Von Kai Rebmann
„Pray, free Swiss, pray!“ This line comes from the Swiss Psalm, the national anthem of the Swiss Confederation. But with the often and gladly invoked liberalism, it could soon be over for our neighbors. In recent days, the Federal Council presented the so-called „Climate Strategy for Agriculture and Food 2050“. What may sound quite harmless at first glance, actually has a lot to it. There is hardly anything reasonable to object to some of the defined goals, on the contrary. Who can seriously oppose a self-sufficiency rate of 50 percent, especially from „climate- and location-adapted production“? Or a healthy and balanced diet for the population? After all, „seasonal“ and „local“ have always been the true organic or the most climate-friendly food – no matter what kind of products they ultimately are. However, one should be alert to goals that speak of reducing the ecological footprint per capita by two-thirds compared to the reference year 2020. Or reducing greenhouse gas emissions from national agriculture by 40 percent compared to 1990. Shell game with words: Not banning, but regulating! Whenever it comes to the above-mentioned formulations, they usually hide more or less openly expressed demands for meat consumption reduction. However, green-left lobbyists – and even less so the state as such – do not like to speak of „bans“ in this context, but prefer to use the phrase „regulation“, which ultimately amounts to the same thing. Frank Eyhorn is also one of these word acrobats. In an interview with the „Sonntagszeitung“, the managing director of the „Biovision Foundation“ advocates a maximum limit of 50 grams of meat per person per day. But how do you get the free Swiss to gradually move towards this supposedly pious goal? The expert also suggests a whole range of possible instruments for this. Advertising for meat in general and cheap meat in particular should be restricted or even banned by the state. Eyhorn also criticizes the fact that meat should generally be much more expensive than it already is in Switzerland. Instead of cutting subsidies, indirect costs should also be included in the calculation, such as those caused by climate change, water treatment, or diseases caused by meat consumption – such as antibiotic resistance. Unmasking an ideological fallacy In other words, no factor is left out to calculate the allegedly „true price“ of meat. The „Weltwoche“ summarizes the lobbyist’s statements as follows: „The state must tax all these harmful phenomena and subsidize sustainable alternatives. It needs a long-term oriented food policy that also holds trade and consumption accountable.“ However, if you want to eat healthy and balanced all year round in Switzerland – and not only there – as the Climate Strategy 2050 explicitly demands, you will hardly be able to avoid importing certain goods at certain times of the year. So what about traditionally popular vegetables such as tomatoes or cucumbers, which are offered from January to December regardless of the local climate zone? Are these the „sustainable alternatives“ that Frank Eyhorn believes should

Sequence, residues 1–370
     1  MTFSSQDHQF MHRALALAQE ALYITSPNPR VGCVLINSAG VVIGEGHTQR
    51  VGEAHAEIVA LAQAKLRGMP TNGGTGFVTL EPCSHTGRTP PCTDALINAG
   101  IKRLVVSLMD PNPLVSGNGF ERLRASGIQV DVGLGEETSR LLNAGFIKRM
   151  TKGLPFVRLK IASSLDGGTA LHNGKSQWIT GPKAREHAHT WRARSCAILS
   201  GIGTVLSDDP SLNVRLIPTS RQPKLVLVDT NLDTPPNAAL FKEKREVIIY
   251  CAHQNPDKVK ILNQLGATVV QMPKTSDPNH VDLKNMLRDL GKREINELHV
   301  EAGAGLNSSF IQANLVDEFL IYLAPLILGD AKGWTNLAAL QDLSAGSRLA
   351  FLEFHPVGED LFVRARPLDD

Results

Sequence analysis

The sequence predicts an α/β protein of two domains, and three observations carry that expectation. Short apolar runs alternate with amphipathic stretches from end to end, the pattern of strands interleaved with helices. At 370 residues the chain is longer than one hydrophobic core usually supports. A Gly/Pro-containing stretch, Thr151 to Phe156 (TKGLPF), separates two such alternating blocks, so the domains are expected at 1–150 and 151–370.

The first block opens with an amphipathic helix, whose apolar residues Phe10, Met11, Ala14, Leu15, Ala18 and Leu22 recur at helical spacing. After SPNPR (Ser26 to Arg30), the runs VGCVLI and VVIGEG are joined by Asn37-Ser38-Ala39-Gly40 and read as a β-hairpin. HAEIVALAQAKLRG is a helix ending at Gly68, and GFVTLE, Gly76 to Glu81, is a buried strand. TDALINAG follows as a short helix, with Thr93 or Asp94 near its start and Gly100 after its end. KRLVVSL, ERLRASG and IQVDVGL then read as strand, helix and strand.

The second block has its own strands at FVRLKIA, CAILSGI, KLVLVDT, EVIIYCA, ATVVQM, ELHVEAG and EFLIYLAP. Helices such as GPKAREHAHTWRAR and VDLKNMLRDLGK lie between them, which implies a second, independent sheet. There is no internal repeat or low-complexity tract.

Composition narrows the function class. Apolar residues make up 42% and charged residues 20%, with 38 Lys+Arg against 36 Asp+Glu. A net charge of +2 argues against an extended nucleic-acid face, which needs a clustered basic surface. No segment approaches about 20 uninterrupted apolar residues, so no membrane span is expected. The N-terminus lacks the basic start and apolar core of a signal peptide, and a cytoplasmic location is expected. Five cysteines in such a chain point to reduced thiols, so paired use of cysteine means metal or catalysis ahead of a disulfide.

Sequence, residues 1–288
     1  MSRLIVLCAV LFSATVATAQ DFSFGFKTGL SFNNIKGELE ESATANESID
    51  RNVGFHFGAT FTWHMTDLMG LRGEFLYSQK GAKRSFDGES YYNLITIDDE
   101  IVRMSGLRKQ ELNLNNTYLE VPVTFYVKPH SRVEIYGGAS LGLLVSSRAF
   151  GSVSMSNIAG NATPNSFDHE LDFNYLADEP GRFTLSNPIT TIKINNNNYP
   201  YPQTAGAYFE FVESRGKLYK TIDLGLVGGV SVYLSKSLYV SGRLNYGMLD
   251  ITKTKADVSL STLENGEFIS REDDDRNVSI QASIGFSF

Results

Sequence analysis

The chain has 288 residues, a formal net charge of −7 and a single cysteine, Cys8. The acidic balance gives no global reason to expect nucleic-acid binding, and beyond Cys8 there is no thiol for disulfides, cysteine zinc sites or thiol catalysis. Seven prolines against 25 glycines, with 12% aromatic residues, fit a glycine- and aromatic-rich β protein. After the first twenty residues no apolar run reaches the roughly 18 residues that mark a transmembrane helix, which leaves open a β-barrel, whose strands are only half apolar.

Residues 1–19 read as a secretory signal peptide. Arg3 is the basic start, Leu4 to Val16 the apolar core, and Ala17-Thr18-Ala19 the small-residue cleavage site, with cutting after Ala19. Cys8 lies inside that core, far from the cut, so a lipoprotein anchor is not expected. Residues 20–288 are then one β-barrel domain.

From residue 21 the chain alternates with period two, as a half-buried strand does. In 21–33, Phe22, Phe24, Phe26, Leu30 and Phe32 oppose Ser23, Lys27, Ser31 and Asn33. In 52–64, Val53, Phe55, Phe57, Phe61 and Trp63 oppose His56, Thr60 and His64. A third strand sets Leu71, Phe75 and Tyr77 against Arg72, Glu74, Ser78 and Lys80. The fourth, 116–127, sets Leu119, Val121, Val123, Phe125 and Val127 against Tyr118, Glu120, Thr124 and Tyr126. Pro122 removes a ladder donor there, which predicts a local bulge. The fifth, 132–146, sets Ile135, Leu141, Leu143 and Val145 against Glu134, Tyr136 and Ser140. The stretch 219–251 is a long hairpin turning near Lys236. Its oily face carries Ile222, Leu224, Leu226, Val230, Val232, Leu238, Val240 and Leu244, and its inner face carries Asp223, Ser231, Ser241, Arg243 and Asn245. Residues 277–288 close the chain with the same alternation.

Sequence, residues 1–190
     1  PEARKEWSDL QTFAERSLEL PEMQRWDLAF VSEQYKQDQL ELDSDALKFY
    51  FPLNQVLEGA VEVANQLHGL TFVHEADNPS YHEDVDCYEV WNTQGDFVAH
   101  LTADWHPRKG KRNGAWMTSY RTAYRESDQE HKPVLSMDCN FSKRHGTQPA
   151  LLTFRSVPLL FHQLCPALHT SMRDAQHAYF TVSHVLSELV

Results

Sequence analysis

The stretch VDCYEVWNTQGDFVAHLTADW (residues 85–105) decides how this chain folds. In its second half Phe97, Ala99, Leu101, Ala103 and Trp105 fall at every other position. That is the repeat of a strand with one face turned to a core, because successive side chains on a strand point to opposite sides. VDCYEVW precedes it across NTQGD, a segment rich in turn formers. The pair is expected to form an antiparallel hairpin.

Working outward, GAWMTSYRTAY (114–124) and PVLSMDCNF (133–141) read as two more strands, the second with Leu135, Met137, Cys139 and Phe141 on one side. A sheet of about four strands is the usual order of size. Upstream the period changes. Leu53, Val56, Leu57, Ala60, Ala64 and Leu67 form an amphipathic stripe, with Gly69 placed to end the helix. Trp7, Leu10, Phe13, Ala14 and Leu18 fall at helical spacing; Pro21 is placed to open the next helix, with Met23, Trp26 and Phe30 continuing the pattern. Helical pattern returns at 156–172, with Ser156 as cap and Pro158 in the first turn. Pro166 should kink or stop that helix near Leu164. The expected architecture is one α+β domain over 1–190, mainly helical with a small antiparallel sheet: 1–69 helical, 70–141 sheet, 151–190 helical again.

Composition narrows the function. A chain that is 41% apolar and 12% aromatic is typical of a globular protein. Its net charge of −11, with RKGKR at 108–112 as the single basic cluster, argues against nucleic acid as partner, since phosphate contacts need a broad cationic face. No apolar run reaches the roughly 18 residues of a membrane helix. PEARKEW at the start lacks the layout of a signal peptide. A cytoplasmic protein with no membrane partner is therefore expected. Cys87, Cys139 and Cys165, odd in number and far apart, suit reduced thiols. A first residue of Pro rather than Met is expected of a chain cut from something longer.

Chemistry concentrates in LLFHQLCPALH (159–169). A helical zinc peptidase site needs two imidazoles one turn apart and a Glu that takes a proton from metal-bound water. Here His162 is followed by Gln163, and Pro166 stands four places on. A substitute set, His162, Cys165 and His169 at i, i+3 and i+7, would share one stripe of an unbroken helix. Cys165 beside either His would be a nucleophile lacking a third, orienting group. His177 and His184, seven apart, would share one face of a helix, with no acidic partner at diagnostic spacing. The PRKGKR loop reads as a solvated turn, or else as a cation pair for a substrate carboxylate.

Original Artikel Teaser
Klimastrategie 2050: Nur noch 50 Gramm Fleisch pro Tag?
Von Kai Rebmann „Betet, freie Schweizer, betet!“ Diese Zeile stammt aus dem Schweizerpsalm, der Nationalhymne der Eidgenossen. Doch mit der oft und gerne beschworenen Freisinnigkeit könnte es bei unseren Nachbarn schon bald vorbei sein. Bundesbern hat dieser Tage die sogenannte „Klimastrategie für Landwirtschaft und Ernährung 2050“ vorgestellt. Was auf den ersten Blick noch recht harmlos klingen mag, hat es in Wirklichkeit in sich. Gegen einige der dort definierten Ziele ist vernünftigerweise kaum etwas einzuwenden, ganz im Gegenteil. Wer kann schon ernsthaft etwas gegen einen Selbstversorgungsgrad von 50 Prozent haben, noch dazu aus „klima- und standortangepasster Produktion“? Oder eine gesunde und ausgewogene Ernährung der Bevölkerung? Schließlich waren „saisonal“ und „regional“ schon immer das wahre Bio bzw. die klimaschonendsten Lebensmittel – ganz
Details zu Klimastrategie 2050: Nur noch 50 Gramm Fleisch pro Tag?